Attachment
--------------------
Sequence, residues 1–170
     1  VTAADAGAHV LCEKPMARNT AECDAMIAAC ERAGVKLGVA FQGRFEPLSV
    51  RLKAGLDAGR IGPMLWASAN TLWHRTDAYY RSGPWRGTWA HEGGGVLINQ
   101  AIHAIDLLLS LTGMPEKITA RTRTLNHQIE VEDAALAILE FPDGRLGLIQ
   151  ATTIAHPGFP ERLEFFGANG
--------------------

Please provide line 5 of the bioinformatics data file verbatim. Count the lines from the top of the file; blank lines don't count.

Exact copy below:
   151  ATTIAHPGFP ERLEFFGANG